Normalizer is Subgroup

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Theorem

Let $G$ be a group.


The normalizer of a subset $S \subseteq G$ is a subgroup of $G$.

$S \subseteq G \implies \map {N_G} S \le G$


Proof

Let $a, b \in \map {N_G} S$.

Then:

\(\displaystyle S^{a b}\) \(=\) \(\displaystyle \paren {S^b}^a\) Conjugate of Set by Group Product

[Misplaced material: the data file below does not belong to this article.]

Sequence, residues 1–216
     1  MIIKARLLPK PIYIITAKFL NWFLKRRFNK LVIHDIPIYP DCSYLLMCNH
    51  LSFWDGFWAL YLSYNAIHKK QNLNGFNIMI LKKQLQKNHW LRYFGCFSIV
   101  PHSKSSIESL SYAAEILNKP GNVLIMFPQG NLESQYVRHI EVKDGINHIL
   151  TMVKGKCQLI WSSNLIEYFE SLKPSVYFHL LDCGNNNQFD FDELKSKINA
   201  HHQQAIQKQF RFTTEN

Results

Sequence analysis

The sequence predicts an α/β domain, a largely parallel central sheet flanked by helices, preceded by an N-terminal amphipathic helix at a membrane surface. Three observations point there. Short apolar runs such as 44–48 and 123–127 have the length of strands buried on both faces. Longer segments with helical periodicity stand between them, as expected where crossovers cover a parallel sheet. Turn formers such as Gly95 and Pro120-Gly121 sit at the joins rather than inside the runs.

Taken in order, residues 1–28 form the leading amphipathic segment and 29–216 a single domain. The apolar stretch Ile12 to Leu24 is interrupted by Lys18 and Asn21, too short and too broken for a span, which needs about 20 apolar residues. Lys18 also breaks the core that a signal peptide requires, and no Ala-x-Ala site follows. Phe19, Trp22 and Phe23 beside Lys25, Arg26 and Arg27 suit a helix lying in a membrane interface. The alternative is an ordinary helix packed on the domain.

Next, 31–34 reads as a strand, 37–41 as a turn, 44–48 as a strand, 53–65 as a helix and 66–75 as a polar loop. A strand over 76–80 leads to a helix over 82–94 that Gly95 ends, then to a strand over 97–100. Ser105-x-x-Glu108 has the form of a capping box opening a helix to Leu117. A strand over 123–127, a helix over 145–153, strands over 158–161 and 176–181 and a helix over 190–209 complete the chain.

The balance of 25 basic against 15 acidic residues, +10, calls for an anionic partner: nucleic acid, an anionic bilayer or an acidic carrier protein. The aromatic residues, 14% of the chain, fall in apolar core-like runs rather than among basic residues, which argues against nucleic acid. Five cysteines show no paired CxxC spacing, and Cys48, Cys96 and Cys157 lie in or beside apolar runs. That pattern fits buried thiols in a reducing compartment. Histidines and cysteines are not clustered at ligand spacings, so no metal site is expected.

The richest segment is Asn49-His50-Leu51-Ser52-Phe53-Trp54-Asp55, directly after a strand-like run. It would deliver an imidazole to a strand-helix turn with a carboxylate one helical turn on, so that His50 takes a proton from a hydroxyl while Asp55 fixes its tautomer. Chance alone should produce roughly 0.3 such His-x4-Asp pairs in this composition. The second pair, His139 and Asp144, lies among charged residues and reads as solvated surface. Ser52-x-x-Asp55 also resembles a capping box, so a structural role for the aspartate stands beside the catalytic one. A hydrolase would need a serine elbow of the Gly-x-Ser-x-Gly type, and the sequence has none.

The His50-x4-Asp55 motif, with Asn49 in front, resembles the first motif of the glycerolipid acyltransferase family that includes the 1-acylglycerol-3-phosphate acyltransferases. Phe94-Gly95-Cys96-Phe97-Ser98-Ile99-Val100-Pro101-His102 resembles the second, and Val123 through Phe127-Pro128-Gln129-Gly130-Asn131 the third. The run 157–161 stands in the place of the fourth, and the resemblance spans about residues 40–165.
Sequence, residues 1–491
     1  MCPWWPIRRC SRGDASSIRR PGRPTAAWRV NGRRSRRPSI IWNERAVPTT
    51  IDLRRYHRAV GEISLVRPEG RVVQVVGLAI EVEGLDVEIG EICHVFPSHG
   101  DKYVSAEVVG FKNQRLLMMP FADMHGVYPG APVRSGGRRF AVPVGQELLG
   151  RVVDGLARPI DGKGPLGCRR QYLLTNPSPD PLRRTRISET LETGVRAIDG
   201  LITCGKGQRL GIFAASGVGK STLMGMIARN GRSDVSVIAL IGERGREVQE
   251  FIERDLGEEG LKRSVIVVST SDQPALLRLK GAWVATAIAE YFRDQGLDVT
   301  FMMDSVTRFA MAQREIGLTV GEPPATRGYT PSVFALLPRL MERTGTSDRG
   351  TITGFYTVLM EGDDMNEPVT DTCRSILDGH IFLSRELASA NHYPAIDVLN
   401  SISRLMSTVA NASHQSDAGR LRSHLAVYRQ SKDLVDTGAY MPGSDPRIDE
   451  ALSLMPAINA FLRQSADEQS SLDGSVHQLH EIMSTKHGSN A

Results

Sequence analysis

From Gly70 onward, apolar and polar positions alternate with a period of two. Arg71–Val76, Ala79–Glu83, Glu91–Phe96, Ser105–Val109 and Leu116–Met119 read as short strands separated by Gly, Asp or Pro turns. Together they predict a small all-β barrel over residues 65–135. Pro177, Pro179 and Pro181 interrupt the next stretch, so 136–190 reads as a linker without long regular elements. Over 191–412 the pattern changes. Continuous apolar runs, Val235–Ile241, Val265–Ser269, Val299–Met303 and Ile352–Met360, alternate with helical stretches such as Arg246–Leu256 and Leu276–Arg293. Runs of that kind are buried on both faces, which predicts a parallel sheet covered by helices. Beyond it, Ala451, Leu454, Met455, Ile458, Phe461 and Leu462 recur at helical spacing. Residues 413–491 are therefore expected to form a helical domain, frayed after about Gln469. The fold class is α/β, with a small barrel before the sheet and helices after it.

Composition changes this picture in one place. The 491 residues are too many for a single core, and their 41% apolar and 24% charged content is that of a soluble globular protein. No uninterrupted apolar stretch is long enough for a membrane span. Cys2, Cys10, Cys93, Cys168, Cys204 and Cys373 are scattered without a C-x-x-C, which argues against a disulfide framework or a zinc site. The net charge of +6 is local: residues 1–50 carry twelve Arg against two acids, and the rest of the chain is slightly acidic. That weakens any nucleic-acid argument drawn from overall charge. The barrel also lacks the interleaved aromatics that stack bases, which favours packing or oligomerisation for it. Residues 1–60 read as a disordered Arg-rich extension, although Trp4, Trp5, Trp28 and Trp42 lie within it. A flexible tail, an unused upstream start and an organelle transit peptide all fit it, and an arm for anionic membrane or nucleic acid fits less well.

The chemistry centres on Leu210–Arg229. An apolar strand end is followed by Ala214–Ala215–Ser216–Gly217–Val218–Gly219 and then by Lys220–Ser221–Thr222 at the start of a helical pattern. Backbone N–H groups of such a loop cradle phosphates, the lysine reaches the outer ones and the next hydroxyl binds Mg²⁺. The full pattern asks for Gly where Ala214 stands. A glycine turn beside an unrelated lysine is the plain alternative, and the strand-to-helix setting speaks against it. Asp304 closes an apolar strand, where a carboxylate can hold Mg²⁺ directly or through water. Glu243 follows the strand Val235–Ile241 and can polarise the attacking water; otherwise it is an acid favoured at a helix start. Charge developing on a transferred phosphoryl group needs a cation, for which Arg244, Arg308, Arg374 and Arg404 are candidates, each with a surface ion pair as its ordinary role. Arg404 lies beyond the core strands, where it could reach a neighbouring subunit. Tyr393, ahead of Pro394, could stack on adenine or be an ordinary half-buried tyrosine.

\(\displaystyle \) \(=\) \(\displaystyle S^a\) Definition of Normal Subgroup
\(\displaystyle \) \(=\) \(\displaystyle S\) Definition of Normal Subgroup

Therefore $a b \in \map {N_G} S$.


Now let $a \in \map {N_G} S$:

$a \in \map {N_G} S \implies S^{a^{-1} } = \paren {S^a}^{a^{-1} } = S^{a^{-1} a} = S$

Therefore $a^{-1} \in \map {N_G} S$.


Thus, by the Two-Step Subgroup Test, $\map {N_G} S \le G$.

$\blacksquare$


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